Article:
Published: Mar. 18, 2009
Updated: Sept. 8, 2010
Urodynamics are used to evaluate how your bladder and urethra work. They help to determine the cause of your urinary tract problem. The pressures in the bladder and urethra are measured during the study and are used to formulate the best plan for you.
After you have emptied your bladder into the special commode, small catheters will be placed into your bladder and into your vagina (or rectum). These special catheters measure the pressure in your bladder. Your bladder will be filled using the catheter in your bladder and you will be asked to cough and strain at different points during the filling.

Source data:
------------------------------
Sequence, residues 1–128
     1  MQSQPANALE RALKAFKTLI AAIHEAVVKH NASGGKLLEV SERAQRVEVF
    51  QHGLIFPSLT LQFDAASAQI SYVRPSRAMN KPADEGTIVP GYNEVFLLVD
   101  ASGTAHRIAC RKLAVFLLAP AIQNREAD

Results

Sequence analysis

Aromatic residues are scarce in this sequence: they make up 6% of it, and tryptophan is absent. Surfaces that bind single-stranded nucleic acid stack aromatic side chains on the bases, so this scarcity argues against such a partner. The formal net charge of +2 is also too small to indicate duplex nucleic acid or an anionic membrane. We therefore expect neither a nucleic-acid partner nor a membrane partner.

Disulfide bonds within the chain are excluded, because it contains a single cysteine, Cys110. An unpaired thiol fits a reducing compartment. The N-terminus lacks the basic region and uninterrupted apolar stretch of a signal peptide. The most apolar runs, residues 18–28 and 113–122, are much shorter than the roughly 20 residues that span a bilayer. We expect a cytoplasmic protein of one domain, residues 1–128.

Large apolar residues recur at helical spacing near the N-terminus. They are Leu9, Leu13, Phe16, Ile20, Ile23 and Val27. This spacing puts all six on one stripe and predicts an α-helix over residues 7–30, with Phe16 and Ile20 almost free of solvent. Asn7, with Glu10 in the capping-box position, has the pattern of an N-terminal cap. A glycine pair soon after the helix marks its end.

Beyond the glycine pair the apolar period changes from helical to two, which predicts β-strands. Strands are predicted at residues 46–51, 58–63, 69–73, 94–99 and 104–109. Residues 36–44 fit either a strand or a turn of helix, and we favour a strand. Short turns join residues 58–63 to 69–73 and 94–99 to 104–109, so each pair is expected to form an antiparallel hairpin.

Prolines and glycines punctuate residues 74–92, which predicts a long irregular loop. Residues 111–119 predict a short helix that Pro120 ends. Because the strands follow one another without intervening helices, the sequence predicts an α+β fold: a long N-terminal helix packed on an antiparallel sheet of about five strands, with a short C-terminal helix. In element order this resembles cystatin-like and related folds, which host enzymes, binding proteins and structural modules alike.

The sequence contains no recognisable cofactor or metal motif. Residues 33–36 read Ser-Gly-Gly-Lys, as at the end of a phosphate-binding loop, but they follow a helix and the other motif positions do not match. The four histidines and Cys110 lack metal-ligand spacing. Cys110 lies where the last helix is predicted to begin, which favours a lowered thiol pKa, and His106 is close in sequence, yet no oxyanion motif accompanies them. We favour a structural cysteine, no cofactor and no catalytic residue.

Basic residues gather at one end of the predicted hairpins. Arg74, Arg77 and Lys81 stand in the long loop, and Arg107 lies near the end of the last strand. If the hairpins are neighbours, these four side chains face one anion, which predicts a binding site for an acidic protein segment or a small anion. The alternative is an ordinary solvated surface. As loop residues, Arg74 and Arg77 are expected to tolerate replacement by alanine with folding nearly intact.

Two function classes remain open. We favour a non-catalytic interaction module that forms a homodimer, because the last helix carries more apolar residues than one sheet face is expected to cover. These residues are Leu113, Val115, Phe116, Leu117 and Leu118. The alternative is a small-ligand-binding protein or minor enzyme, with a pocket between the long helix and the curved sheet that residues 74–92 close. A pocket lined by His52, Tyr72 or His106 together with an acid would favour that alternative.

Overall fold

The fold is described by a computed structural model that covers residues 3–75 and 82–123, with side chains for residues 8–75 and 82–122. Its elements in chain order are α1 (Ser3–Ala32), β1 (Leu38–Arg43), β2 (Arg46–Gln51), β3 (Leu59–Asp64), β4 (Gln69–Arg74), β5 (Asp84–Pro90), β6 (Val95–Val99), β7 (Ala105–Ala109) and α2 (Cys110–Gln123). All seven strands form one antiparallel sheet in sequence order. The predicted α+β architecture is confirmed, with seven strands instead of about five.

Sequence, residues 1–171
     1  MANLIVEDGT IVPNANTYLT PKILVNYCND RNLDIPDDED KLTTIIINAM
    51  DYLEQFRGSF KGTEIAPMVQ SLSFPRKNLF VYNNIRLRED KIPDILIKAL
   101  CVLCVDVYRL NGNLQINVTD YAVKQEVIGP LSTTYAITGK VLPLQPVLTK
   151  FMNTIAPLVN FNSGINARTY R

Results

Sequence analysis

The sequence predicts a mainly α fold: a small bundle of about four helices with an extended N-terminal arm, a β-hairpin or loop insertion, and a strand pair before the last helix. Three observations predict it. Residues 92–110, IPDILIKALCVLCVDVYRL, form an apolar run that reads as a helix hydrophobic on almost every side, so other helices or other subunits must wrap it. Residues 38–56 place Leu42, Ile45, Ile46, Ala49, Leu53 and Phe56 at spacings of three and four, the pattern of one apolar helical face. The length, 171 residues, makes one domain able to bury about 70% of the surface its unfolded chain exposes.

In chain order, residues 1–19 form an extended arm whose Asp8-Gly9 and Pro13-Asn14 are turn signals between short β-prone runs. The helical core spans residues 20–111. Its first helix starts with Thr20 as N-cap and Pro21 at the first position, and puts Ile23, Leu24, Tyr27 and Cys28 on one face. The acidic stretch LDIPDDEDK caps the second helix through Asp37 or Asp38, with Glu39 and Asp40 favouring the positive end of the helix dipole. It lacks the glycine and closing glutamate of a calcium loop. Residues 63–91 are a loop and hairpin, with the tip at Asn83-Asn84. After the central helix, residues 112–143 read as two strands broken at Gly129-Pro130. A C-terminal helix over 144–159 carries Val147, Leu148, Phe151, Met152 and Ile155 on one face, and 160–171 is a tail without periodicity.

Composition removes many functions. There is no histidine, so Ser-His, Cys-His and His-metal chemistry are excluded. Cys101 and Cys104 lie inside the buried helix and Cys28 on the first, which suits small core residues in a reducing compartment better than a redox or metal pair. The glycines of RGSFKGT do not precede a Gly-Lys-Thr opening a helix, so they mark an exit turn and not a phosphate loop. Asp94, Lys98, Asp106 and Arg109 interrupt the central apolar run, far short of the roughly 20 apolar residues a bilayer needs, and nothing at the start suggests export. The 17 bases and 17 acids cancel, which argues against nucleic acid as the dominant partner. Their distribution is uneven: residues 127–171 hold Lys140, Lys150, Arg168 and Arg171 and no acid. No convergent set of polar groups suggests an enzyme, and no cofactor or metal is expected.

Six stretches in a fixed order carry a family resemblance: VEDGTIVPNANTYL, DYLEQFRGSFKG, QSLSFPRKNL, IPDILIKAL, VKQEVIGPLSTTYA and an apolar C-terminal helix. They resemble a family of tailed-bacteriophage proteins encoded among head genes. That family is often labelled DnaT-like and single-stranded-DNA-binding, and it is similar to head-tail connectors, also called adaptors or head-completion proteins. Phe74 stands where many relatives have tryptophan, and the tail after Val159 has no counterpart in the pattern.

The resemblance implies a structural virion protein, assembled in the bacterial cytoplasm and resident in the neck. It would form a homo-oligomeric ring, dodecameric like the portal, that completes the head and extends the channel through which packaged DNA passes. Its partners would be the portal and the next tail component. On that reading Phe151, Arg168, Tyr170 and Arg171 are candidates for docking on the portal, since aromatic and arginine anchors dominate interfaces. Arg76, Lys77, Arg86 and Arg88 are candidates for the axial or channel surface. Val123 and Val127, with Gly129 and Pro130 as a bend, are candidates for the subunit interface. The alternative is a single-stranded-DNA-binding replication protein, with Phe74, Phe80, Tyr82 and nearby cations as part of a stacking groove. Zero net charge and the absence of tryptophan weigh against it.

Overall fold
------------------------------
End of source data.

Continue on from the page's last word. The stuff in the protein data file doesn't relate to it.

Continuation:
Once your bladder is full, you will be asked to empty your bladder in the special commode again with the catheters in place. Most patients can void easily with the catheters in place since the catheters are so small.
This procedure lasts about an hour.
Cystoscopy is using a small telescope-like device, called a cystoscope, to look at the inside of your bladder and urethra.
Your urethra will be cleaned with an antibacterial soap and the cystoscope will be inserted through your urethra into your bladder.
Your bladder is filled with water and viewed carefully. After your doctor has examined your bladder, it is emptied and the cystoscope is removed. A sample of fluid may be sent to the laboratory for examination.